If you are a homeowner, one of the most important things you will ever do is ensure that your furnace is the correct size for your home. Having the right size furnace ensures that your home will always be efficiently heated. Moreover, your family will be much more comfortable, and your energy bills will be more predictable.

It’s further important to consider that a home that does not have an adequately sized furnace is more prone to pipes that can freeze or burst. This means that a furnace that is too small can affect your financial well-being in a number of ways.

However, if you have ever shopped for a furnace, you may have been bewildered by the incredible variety of sizes and models that are available. How do you know which one is right for your home?

The good news is that calculating the correct furnace size for your home is easier than you might imagine.

The two biggest factors that go into determining the correct furnace size for your home are the local climate and your home’s square footage. Other factors do come into play. These may include:

  • The construction of your home
  • Your home’s condition
  • How much sun exposure your home receives
  • The furnace’s efficiency ratings

Let’s take a look at everything you need to know about comparing furnaces, how they are rated and which size is appropriate for your home.

How Do You Measure a Furnace?

How are furnaces rated? The more you know about this system and how it works, the better able you will be to make a well-informed decision.

Any furnace’s capacity is measured in terms of British Thermal Units, which you may see expressed as BTUs. The BTUs tell you how much heat is needed to increase the temperature of one pound of water by a single degree Fahrenheit. You may see BTUs also being used in conjunction with air conditioners and heat pumps.

Although residential furnaces are available in an array of sizes, most homes likely will be well served by a furnace that is rated between 30,000 and 100,000 BTUs.

Which Factors Go Into Choosing Furnace Size?

Several factors may affect your choice of furnace. Let’s examine how certain factors will impact the size of the furnace that you need.

Your home size is one of the most prominent considerations that goes into choosing an appropriate furnace. The larger your house is the larger the capacity furnace you’ll need. This means that you will have to know your home’s square footage before you begin.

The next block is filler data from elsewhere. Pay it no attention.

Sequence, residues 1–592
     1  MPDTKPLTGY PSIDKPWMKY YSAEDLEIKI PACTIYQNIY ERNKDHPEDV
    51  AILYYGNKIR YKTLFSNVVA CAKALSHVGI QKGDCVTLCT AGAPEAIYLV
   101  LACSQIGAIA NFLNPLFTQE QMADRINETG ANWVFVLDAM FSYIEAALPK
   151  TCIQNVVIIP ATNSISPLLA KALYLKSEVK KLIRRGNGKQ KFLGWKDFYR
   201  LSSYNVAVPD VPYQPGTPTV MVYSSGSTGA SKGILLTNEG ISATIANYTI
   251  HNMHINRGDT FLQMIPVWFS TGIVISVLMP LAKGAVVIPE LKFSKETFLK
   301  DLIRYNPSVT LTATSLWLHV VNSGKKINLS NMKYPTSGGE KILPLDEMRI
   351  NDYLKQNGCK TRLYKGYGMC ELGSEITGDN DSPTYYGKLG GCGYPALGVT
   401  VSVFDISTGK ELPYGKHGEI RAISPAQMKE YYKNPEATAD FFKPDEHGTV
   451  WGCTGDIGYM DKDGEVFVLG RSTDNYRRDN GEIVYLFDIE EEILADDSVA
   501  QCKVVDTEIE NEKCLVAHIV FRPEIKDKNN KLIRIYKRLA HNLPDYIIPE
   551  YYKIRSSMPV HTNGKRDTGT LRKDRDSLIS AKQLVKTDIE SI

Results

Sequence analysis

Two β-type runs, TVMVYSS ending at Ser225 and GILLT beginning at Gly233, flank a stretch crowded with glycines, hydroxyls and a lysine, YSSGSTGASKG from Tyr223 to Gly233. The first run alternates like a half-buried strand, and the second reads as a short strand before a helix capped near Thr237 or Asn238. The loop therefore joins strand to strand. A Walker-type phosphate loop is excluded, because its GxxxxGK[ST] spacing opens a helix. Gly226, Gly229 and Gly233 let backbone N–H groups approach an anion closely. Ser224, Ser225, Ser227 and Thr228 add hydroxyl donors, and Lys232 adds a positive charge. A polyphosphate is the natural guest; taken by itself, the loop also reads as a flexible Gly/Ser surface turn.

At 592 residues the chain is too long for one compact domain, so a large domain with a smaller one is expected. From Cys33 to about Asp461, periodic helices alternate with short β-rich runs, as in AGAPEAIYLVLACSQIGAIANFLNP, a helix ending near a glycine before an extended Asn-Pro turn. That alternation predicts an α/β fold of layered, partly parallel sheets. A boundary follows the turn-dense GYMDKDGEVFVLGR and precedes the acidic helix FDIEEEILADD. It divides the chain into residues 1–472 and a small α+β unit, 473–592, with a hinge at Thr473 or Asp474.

Most homeowners already are familiar with their house’s square footage. If you are not, you may refer back to the home listing that was published when you purchased it. Blueprints can help too, and you might also check with your county assessor’s office. You can even consider measuring each room by length and width. Multiply the length by the width of each room to find out how many square feet it contains. Add all of these together to get an approximation of your total square footage.

The climate also plays a critical role in determining the size of your furnace. For instance, your need for heating will vary greatly depending on whether you live in western Arizona or Delaware.

The U.S. actually features several climate zones, making it easier for you to determine just how much capacity your furnace needs.

The U.S. contains seven climate zones. Zone 7 is the coldest while Zone 1 is the hottest. Places like Maine and northern Wisconsin are in Zone 7 while Florida and southern Texas are included in Zone 1. It is possible that some homes in Zones 1 and 2 may not actually need a furnace. In Zone 3, a furnace is more likely to be needed, though it may be possible to get away with a heat pump without a furnace in some places.

While a home of similar size in Texas might only need between 30 and 40 BTUs per square foot to heat their home, a residence in Delaware is more likely to need a minimum of 40 to 45 BTUs per square foot.

What About Furnace Efficiency?

As you begin browsing through available furnace models, you will discover the AFUE acronym. This stands for Annual Fuel Utilization Efficiency. AFUE is expressed as a percentage, and it is a requirement of the federal government that all furnaces display this rating.